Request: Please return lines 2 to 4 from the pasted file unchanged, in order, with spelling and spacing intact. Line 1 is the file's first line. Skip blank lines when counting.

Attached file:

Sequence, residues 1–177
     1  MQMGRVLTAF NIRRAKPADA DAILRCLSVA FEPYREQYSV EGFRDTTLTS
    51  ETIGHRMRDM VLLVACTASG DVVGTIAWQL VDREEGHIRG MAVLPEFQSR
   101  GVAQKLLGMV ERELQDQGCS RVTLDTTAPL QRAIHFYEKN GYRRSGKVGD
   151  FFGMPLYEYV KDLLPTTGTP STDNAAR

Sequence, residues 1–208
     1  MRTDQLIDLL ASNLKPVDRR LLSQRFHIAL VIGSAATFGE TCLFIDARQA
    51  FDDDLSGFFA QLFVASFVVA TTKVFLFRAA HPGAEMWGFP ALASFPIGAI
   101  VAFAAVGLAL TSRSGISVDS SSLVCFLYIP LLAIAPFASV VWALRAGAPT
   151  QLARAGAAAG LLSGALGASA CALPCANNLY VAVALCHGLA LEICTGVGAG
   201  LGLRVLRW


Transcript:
     1  MQMGRVLTAF NIRRAKPADA DAILRCLSVA FEPYREQYSV EGFRDTTLTS
    51  ETIGHRMRDM VLLVACTASG DVVGTIAWQL VDREEGHIRG MAVLPEFQSR
   101  GVAQKLLGMV ERELQDQGCS RVTLDTTAPL QRAIHFYEKN GYRRSGKVGD